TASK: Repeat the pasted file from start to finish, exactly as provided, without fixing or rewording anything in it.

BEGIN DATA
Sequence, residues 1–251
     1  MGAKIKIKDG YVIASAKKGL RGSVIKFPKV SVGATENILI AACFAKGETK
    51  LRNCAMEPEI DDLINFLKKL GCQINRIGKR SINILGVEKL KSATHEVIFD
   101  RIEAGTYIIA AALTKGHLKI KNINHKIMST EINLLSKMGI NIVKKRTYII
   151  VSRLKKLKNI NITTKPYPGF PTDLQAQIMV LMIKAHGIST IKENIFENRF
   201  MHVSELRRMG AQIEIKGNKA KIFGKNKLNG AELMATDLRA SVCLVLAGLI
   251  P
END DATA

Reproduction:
Sequence, residues 1–251
     1  MGAKIKIKDG YVIASAKKGL RGSVIKFPKV SVGATENILI AACFAKGETK
    51  LRNCAMEPEI DDLINFLKKL GCQINRIGKR SINILGVEKL KSATHEVIFD
   101  RIEAGTYIIA AALTKGHLKI KNINHKIMST EINLLSKMGI NIVKKRTYII
   151  VSRLKKLKNI NITTKPYPGF PTDLQAQIMV LMIKAHGIST IKENIFENRF
   201  MHVSELRRMG AQIEIKGNKA KIFGKNKLNG AELMATDLRA SVCLVLAGLI
   251  P